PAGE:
City council discusses ARP funds

By Mitchell Banks

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Seymour is eligible to receive $4.16 million through the American Rescue Plan signed into law in March by President Joe Biden.

The funds — to be used for coronavirus relief — led one Seymour resident to attend Monday night’s city council meeting to find answers to his questions about those monies.

To receive the funding, the city council has to submit a Coronavirus Local Fiscal Recovery Fund request to the state, which is administrating ARP funds.

Tyler Henkle asked if the council had submitted a request. Clerk-Treasurer Darrin Boas said a request for $2.2 million already had been submitted to the state.

Boas told The Tribune that $2.2 million has been received by the city and no plans have been made for the use of the funds.

The additional ARP funds will be requested when the state allows the city to, which is approximately one year after the first received payment. That payment was received last month.

Mayor Matt Nicholson was asked by Henkle if he had read the interim final rule that outlines the rules and regulations regarding ARP funds. The mayor said he had read it.

Henkle said cities such as Bloomington and Louisville, Kentucky, have begun allocating their ARP funds to help their homeless populations. He asked the council if they considered using some of the funds to help the homeless population in Seymour.

Nicholson said he had not considered that, but when the time comes that there’s discussion on what exactly the funds can be spent on, there’s the potential that some could be used to help the homeless population.

Henkle asked if ARP funds could be used toward Regional Economic Acceleration and Development Initiative grant projects. Nicholson said ARP funds can’t be used for those projects but could be used toward State Water Infrastructure Fund grant initiatives.

READI is a regional initiative between certain cities, towns and counties around the state. Successful applicants will receive funding from the state to create projects that enhance the regions. Jackson County is working with Bartholomew and Jennings counties to pursue a READI grant.

Nicholson said $500,000 with an equal match from the city has been proposed for SWIF grant projects in Mutton Creek and Pebblebrook Drive. When applying for the grant, he said there was a line that asked if the city would like to use ARP funds toward the project, and it was marked the city would.

These projects intend to replace a sewer force main in Mutton Creek and add a lift station in the area of Pebblebrook Drive.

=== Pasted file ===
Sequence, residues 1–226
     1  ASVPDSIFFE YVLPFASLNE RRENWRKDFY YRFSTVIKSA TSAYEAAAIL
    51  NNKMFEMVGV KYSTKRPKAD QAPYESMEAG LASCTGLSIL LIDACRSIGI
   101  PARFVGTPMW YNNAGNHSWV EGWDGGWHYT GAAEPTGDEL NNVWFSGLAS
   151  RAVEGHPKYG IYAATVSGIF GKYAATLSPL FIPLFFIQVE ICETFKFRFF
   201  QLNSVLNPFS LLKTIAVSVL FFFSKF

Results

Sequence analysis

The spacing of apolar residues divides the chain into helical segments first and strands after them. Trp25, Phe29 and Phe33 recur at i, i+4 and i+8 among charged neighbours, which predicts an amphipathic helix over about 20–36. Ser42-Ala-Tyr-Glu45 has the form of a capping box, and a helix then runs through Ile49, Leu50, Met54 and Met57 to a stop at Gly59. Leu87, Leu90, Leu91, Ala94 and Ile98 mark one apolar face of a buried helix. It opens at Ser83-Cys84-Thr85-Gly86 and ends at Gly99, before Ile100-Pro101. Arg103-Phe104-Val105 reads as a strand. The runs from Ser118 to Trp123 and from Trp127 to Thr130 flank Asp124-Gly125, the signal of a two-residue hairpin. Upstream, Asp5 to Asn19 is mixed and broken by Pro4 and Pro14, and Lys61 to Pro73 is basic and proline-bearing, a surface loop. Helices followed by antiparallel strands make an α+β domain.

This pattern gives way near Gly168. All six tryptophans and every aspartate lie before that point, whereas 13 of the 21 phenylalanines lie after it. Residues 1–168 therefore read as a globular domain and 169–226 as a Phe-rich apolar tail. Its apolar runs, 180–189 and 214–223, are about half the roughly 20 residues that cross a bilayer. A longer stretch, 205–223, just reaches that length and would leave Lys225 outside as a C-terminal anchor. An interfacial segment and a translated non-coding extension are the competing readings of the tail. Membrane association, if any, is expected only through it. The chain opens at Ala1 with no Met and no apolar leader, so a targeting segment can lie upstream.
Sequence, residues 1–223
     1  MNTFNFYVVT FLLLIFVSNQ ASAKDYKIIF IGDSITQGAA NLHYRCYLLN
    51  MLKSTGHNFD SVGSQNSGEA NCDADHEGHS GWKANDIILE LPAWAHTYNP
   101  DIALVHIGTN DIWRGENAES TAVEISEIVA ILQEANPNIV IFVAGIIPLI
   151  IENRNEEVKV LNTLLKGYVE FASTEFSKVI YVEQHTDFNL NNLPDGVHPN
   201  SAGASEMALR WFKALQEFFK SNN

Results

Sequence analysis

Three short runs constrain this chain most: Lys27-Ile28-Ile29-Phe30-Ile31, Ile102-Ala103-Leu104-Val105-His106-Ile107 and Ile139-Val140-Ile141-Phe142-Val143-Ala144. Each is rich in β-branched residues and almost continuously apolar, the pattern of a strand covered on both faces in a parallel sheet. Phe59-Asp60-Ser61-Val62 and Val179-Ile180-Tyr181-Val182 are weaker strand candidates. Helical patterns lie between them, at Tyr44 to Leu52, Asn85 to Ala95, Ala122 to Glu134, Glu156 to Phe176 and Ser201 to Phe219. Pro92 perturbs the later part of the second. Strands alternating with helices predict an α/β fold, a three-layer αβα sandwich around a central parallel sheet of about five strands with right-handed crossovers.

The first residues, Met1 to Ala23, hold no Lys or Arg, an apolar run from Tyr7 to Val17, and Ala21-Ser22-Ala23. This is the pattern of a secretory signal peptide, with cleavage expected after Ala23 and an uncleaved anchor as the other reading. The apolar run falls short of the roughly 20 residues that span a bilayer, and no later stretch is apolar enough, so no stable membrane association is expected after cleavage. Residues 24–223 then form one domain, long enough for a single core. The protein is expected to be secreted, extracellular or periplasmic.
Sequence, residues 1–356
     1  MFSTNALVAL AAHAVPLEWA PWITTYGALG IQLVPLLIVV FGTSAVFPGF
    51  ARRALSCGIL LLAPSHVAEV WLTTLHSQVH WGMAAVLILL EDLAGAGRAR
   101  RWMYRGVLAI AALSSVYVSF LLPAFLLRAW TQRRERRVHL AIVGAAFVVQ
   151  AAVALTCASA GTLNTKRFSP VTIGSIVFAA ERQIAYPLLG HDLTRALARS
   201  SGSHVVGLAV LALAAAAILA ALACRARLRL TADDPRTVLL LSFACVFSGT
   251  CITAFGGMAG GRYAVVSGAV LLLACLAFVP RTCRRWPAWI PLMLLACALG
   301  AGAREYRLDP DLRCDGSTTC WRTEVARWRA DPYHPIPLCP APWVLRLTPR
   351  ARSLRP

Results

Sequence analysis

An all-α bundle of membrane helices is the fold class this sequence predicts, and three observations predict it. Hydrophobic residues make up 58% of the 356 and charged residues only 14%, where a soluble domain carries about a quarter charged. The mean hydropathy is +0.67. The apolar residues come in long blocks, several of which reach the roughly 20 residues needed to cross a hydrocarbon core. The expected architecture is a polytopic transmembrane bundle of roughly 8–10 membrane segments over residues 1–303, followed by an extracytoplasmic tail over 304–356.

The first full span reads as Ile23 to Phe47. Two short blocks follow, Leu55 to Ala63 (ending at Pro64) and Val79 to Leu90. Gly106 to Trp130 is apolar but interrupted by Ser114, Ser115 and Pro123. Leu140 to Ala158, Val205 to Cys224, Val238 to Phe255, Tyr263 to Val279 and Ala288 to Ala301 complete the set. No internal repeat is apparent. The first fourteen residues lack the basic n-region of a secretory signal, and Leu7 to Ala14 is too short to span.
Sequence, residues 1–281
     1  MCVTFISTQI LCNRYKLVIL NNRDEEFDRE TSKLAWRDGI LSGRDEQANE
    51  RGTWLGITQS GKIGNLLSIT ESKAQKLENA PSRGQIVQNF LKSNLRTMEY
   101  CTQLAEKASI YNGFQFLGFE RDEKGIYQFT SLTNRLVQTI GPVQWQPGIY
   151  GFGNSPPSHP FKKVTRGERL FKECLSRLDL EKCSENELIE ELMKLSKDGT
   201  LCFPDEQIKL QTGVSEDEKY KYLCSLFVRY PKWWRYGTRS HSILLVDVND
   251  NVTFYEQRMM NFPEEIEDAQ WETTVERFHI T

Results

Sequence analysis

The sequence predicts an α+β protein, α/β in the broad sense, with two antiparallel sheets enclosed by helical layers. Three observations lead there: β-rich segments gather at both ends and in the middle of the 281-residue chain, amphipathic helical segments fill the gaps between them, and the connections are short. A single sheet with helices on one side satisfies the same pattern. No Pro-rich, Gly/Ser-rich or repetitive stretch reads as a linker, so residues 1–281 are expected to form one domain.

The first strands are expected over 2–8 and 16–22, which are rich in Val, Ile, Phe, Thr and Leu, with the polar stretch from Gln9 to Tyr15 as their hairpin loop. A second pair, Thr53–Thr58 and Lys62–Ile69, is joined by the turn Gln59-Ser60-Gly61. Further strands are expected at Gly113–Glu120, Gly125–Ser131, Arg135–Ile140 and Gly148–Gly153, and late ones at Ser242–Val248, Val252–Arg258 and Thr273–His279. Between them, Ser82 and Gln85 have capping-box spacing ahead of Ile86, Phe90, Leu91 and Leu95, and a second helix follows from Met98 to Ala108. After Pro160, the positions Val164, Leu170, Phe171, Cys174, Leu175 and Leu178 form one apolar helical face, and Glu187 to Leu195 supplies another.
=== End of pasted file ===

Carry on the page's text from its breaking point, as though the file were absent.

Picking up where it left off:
The city will learn if its SWIF grant has been approved by the end of this month or of September, Nicholson said. The mayor also said using ARP funds toward the project was one of a few different options when it comes to what money will be used toward the grant.

To gauge public input on what funding should be used for, Henkle asked the council if there were plans to hold public discussions.

No specific dates have been planned for public discussion about the use of ARP funds, but city officials have discussed the idea, Nicholson said.

He also said he believes conversations will start about how ARP money will be appropriated in October.

Of the several meetings Nicholson has attended regarding ARP funding, he said he has been advised to be “cautious and careful” about planning on what to use the money for.

Every councilman, aside from Dave Earley, who was not in attendance, was asked by Henkle if they felt public input sessions should be held about what Seymour’s ARP funding should be used toward.

Councilman Drew Storey said he has not been a part of any discussion about having a public discussion about ARP funds, but he couldn’t say he was not interested to hear what “hopes and goals” citizens have. He said he couldn’t say he is or isn’t planning to hold a public input session.

Councilman Bret Cunningham said he asked Nicholson the same question during a recent meeting and feels the council needs to “keep tabs on money.” He called the ARP funding a “windfall” because it was money that the city didn’t need or serve.

As for holding a public input session, Cunningham said the information isn’t available on where to spend the funding yet, and holding one too soon would lead to disappointment without that knowledge. He said he plans on asking what ARP funds are being used toward again.

Councilman Matt Wheeler said he doesn’t see a reason to decide what to use ARP funding for if information about what it can be used toward isn’t available yet.

Councilman Jerry Hackney said more people would attend a public input session if it was citywide, rather than done in districts. He agreed the information isn’t available to have a public input session at the moment, but it’s a possibility when that information is available.

Councilmen Chad Hubbard and Seth Davidson also shared the sentiment that a public input session about ARP funds isn’t necessary if information about the funds isn’t available yet.